VR Hackfest

Behind Palo Alto City Library's Exhibit

The eLibrary team at the Palo Alto City Library held a VR Hackfest on June 22nd, 2019 where participants created VR scenes and published them on the Distributed Web for the world to see.

VR Hackfest Exhibit

The Library will showcase the VR scenes and the underlying technology in an exhibit, which seeks to engage the public in the issues and potential of two emerging technologies: virtual reality and the ‘distributed web.’

The exhibit will be on display through July inside the first floor entrance at Mitchell Park Library. The exhibit will then move to Rinconada Library’s South entrance during August. 

View the VR scenes here.

Virtual Reality Built With A-Frame Code

In the VR Hackfest, participants learned how to use A-Frame code to render 3D scenes that can be experienced through a web browser or VR headset.

A-Frame is a new framework that web publishers and 3D designers can use to design web sites, games and 3D art. A-Frame is an extension of HTML, the code used to build web pages. Anyone who is familiar with HTML will pick up A-Frame very quickly, but it is simple enough even for beginners. By just changing the values of a few parameters, novice coders can easily change the shape, size, color and location of primitive 3D objects, add 3D backgrounds and more.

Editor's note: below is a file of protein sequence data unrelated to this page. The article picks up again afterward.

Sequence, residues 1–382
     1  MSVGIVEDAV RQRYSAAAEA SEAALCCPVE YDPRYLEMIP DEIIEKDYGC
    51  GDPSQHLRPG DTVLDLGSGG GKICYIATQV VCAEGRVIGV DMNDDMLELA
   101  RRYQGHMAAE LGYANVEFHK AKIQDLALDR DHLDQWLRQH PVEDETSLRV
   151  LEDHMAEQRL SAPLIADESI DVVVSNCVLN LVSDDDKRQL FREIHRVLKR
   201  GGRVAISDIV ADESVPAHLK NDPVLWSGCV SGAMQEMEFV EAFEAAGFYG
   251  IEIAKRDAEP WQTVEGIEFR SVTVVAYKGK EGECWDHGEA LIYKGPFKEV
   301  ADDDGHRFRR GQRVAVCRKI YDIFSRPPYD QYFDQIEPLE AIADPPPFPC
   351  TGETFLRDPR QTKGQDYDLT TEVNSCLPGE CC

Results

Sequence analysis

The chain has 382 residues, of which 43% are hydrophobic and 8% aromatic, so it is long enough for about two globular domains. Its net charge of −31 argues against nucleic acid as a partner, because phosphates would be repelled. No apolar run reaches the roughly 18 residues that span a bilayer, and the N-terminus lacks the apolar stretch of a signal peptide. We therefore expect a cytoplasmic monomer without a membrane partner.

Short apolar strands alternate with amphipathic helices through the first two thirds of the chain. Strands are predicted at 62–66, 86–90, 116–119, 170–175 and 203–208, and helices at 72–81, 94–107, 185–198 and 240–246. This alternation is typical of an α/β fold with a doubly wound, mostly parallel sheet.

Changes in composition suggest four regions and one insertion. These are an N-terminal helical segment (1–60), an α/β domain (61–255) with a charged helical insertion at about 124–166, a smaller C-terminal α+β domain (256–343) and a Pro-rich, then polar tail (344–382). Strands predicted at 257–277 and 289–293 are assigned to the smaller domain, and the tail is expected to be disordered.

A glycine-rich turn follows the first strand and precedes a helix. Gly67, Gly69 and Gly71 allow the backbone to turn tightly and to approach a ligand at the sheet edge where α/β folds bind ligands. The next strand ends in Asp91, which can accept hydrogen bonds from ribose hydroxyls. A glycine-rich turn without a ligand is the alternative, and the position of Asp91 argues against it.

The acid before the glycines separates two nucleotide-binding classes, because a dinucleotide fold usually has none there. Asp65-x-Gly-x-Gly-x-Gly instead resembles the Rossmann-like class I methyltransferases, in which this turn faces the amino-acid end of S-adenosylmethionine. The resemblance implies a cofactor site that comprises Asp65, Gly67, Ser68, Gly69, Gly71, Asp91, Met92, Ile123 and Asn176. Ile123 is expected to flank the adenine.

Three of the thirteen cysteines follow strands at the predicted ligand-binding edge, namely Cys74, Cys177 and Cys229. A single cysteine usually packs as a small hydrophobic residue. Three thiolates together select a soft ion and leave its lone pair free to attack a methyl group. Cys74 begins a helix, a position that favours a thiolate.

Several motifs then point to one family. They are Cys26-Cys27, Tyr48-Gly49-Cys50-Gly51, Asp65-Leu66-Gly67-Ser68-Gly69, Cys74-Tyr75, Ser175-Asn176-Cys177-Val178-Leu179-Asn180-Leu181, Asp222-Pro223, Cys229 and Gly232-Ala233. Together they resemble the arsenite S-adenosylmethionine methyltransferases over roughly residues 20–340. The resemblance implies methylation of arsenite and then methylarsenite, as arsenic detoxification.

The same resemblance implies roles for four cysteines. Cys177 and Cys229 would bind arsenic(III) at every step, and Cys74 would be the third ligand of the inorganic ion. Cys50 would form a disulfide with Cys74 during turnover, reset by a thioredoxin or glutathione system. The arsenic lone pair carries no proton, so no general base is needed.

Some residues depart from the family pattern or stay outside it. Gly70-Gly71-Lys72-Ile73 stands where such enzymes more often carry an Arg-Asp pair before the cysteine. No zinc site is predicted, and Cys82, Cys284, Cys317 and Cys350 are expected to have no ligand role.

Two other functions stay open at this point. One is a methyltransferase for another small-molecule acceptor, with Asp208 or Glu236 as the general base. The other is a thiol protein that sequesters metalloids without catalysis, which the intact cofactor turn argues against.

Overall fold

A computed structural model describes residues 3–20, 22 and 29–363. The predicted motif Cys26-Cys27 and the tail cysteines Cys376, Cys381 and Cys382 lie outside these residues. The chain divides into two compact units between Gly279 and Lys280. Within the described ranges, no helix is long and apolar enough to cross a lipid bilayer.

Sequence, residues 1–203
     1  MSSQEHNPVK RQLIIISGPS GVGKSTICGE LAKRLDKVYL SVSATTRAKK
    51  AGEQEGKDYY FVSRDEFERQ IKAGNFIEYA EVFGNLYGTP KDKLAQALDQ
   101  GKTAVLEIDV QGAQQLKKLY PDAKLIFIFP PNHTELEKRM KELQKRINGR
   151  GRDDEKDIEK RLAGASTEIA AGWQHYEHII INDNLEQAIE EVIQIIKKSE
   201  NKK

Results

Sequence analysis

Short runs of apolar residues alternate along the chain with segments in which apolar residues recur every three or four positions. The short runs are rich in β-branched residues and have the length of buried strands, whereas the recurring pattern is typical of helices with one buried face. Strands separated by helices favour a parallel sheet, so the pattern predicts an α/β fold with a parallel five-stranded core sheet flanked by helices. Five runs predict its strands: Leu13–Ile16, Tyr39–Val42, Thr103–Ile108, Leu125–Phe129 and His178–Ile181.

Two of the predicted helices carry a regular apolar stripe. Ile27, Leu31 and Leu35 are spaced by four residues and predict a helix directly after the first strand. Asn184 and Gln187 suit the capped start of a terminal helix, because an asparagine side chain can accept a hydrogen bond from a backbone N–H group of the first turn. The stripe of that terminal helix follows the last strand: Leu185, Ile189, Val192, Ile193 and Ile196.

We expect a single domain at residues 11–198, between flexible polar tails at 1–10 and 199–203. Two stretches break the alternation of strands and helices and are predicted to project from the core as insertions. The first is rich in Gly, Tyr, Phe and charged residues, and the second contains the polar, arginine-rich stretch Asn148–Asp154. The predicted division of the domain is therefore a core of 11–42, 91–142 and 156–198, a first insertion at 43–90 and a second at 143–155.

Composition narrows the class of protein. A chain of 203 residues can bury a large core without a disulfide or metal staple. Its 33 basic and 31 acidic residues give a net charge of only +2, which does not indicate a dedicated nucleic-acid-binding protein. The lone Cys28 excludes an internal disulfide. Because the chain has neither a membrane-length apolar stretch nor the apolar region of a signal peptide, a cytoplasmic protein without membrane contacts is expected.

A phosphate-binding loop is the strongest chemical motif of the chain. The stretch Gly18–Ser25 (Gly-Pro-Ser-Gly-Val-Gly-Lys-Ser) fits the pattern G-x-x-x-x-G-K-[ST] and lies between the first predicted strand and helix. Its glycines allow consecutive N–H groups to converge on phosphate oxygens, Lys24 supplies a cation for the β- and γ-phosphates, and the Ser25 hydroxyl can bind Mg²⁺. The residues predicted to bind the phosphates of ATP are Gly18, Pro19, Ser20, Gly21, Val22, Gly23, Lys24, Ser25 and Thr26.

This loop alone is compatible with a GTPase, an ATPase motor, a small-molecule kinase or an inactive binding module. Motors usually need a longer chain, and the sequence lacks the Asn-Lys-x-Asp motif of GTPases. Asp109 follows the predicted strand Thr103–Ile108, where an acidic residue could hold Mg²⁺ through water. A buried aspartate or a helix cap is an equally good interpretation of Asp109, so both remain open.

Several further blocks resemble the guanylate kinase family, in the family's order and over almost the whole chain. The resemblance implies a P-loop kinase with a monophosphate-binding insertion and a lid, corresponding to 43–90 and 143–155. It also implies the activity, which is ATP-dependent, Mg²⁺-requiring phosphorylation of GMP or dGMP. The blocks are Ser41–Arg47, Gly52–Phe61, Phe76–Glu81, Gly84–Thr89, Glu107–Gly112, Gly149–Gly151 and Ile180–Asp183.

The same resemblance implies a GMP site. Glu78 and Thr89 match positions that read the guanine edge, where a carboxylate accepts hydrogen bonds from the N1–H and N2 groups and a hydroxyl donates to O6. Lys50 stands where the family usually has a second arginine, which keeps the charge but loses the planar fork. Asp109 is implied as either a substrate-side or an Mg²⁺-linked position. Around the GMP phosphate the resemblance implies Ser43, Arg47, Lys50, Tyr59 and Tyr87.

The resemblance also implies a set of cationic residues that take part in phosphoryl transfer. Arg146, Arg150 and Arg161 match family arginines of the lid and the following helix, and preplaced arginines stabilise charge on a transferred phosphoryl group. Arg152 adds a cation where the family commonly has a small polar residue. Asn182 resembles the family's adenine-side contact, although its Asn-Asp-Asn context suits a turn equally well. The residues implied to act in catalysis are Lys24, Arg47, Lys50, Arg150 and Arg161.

The Inter-planetary Files System (IPFS)

The collection of 3D scenes created in the VR Hackfest was published to the Internet using the Inter-Planetary File System (IPFS), a distributed web technology developed in Palo Alto by Protocol Labs.

IPFS allows anyone to publish to the Internet without a server, through a peer-to-peer network that works seamlessly with the regular Internet.

IPFS can load content much faster, more securely and allows people to publish directly to the Internet without the need of 3rd parties, like Google or Facebook. But IPFS also poses new problems. Already IPFS has been used to overcome censorship efforts, but like any technology it has its downsides. Content on IPFS is essentially permanent, allowing free speech to flourish but it could also make hate speech impossible to control.

21st Century Literacy Is Digital Literacy

The VR Hackfest and Exhibit seek to introduce the public to these technologies and to challenge the community to consider the implications they have for information access, political speech, censorship, the arts and many other aspects of our online lives.

  • What are the implications for permanent content on the web which no one can take down?
  • What power do gatekeepers like the government and private companies have over our online speech?
  • What does a 3D web look like and how will that change how we communicate, tell stories and learn?

The 3D scenes created at the VR Hackfest will be available to anyone on the Internet starting June 27th.